The United States minted more than half the world’s new millionaires last year as investments in equities and tech stocks propelled assets higher.

The world’s wealthiest country accounted for 675,000 new millionaires, according to Credit Suisse Group AG’s Global Wealth Report. Japan and China contributed the second- and third-most, according to calculations based on U.S. dollars.

A significant portion of wealth in the U.S. is allocated to equities, which are getting a boost from rising values in the tech sector, Nannette Hechler-Fayd’herbe, chief investment officer for international wealth management at Credit Suisse, said at an event in Zurich.

Overall, globally, it has been a slow year for wealth growth, underscoring how investments in different asset classes affected returns. The U.S. and China contributed the most to the total, adding $3.8 trillion and $1.9 trillion respectively. While most of the increase in China came from non-financial assets such as real estate, stocks were a key contributor in the U.S.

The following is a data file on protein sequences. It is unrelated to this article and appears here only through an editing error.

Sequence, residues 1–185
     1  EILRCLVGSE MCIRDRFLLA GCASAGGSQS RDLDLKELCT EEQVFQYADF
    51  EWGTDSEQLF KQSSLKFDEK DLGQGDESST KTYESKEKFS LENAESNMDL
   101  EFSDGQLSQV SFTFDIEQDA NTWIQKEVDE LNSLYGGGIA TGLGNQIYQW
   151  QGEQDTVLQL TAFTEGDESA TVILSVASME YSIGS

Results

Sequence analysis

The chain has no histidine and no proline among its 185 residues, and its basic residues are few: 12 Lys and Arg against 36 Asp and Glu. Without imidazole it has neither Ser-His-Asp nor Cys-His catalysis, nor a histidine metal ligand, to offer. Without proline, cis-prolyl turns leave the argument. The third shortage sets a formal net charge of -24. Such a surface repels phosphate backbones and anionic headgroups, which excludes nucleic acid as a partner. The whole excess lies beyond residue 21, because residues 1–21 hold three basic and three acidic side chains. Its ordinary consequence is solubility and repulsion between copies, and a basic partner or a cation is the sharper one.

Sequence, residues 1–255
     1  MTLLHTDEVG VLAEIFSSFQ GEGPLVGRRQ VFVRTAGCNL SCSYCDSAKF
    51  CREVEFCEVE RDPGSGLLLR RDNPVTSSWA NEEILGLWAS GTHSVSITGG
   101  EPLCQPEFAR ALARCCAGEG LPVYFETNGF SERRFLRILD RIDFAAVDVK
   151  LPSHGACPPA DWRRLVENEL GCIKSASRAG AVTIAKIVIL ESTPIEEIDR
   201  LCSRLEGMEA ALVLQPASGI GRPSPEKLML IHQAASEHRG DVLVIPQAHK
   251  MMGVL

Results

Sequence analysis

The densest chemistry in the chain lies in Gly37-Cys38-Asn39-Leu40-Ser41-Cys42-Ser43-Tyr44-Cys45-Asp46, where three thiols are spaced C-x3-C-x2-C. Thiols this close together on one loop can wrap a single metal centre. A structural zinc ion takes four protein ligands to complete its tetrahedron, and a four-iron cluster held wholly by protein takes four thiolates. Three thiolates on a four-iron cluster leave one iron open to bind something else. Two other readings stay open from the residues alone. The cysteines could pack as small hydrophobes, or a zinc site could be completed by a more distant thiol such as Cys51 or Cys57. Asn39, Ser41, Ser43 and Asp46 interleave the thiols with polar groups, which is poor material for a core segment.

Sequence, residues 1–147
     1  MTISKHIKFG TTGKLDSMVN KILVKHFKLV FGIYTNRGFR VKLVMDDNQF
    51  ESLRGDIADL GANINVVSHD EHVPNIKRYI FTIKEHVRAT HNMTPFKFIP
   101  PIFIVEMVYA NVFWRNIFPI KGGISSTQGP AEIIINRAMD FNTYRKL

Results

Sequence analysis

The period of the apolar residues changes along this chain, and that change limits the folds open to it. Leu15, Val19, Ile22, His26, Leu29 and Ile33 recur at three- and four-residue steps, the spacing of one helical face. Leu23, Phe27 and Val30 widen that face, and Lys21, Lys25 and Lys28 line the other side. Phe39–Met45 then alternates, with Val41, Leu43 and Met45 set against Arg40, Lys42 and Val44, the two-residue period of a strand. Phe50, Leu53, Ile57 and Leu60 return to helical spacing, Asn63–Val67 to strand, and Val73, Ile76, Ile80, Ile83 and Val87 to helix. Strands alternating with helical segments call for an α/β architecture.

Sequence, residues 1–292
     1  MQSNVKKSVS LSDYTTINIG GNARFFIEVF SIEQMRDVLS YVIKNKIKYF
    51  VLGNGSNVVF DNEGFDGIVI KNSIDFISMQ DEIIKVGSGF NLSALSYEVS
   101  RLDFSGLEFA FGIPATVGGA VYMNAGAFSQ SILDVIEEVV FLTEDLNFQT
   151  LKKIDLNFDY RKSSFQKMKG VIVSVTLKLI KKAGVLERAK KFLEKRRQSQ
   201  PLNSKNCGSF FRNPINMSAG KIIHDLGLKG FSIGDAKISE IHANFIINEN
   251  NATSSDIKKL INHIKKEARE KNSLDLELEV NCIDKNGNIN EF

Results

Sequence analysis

“There are lots of people in the U.S. that are just below the millionaire threshold, so it doesn’t take a lot to push them over it,” Anthony Shorrocks, the report’s author, said at the event. The large population, average wealth and level of inequality all can impact the country’s ability to generate millionaires.

Australia lost 124,000 millionaires as its currency slipped against the U.S. dollar, and the U.K. saw 27,000 fall under the threshold on a weak pound and sluggish stock markets.

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Wednesday, November 13, 2019